CLEVELAND -- Local school security experts say technology is necessary, but training and awareness are critical.
Ken Trump, of Parma, who runs National School Safety Services, was on his child's playground acting as a volunteer monitor on Friday when he got word of the kindergarten massacre in Connecticut.
He says proper training and awareness must be combined with the latest security technology.
"We can have the security equipment, but if we have that camera at the front door and somebody buzzes one legitimate person in and two or three people come in behind him," Trump says, "we need to make sure our school staff is trained and our parents to understand why they can't do that as well."
Trump says while such incidents are rare, they can happen, and parents should become involved in questions of security at their children's schools.
"Parents need to send their kids to school, not be alarmed, but have supportive and probing questions and conversations with their school officials to see what measures are in place," Trump counsels.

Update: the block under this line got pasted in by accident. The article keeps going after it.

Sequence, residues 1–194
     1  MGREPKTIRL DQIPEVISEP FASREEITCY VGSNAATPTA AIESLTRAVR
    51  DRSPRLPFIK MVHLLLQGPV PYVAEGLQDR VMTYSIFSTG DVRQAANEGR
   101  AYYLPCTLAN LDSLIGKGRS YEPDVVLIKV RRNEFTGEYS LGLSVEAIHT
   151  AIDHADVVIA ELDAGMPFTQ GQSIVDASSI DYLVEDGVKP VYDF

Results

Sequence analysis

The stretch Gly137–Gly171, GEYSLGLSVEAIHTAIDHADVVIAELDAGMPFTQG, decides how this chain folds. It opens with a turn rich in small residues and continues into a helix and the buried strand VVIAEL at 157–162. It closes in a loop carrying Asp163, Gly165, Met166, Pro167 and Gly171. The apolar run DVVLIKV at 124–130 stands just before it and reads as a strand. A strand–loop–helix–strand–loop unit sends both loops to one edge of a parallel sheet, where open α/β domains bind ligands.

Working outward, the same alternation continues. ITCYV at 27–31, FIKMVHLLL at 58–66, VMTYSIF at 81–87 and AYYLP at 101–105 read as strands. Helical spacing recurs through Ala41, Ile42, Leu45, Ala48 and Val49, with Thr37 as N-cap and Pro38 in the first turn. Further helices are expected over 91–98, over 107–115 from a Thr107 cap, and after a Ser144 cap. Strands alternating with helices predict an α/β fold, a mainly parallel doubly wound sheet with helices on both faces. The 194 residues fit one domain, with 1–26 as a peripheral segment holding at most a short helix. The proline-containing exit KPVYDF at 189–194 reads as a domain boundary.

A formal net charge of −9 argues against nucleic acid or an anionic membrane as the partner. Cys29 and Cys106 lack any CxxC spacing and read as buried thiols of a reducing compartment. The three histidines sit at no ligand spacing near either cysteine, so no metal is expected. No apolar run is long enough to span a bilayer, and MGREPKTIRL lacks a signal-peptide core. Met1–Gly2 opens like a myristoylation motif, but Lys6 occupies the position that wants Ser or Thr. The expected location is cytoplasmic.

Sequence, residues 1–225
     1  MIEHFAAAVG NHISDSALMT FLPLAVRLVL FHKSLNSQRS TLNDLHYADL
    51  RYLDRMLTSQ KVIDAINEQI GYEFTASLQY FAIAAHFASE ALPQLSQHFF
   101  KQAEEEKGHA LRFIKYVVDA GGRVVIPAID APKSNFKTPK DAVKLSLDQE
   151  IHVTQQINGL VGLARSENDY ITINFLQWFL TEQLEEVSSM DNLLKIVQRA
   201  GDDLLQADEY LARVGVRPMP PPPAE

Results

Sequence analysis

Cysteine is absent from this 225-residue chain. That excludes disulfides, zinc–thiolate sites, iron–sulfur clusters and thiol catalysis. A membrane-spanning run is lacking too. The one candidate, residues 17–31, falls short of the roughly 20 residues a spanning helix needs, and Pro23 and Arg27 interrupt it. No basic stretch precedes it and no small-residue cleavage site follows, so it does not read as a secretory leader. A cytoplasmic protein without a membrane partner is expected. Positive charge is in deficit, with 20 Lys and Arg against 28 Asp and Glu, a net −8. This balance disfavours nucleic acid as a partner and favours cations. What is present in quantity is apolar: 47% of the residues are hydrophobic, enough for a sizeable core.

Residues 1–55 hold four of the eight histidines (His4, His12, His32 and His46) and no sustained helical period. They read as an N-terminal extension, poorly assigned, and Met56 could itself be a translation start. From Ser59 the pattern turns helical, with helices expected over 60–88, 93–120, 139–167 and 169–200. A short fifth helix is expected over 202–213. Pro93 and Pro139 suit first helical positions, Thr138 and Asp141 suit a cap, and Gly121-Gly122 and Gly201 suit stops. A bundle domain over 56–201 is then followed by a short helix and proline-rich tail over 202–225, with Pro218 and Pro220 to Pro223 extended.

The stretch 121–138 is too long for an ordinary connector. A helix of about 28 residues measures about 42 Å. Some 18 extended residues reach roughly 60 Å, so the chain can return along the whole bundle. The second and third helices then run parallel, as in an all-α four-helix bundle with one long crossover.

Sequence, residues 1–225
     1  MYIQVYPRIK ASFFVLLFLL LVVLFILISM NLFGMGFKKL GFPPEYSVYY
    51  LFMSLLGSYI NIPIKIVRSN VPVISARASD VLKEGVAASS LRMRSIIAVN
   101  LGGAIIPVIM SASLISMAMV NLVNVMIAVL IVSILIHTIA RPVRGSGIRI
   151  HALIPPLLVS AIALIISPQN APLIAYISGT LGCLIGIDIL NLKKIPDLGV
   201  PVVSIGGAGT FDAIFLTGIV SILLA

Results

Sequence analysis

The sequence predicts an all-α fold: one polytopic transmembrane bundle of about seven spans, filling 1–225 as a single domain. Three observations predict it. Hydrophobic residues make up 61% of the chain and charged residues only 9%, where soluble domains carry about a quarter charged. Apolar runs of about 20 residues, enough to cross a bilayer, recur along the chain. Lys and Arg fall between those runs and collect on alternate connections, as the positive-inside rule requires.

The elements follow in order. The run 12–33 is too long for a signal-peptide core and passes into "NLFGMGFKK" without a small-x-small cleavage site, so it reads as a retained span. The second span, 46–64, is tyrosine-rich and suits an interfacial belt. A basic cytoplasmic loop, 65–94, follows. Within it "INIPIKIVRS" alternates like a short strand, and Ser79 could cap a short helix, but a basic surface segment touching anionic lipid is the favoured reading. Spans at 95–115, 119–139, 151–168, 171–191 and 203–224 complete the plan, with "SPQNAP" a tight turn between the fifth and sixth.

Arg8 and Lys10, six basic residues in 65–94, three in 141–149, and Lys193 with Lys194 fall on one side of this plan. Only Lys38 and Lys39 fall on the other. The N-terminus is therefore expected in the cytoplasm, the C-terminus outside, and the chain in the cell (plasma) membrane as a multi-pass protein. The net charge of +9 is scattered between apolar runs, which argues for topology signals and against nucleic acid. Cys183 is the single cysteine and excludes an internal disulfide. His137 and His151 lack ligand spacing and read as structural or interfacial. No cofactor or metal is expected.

He says some incidents may never be prevented, when individuals with mental problems or other deep-seated problems are intent on murder.
"We're seeing the' lone wolf acto'r from movie theatres, places of worship, and our malls," Trump said. "It's unrealistic to think we couldn't potentially have the same things cross our schoolhouse doors. On a day to day basis, it's highly unlikely but we have to be prepared for the worst-case scenario."
Security consultant Tim Dimoff, of SACS Consulting in Akron, says such incidents have become a terrible fact of life in America, whether in schools, churches, or workplaces.
"Most of the victims, most of the locations, one thing we have found out they all say is, it couldn't happen here," Dimoff says. "And we have to stop thinking it won't happen here and start saying if it does, how do we prevent, how do we react, how do we minimize the damage."
Both security experts encourage parents to become active members of the school community.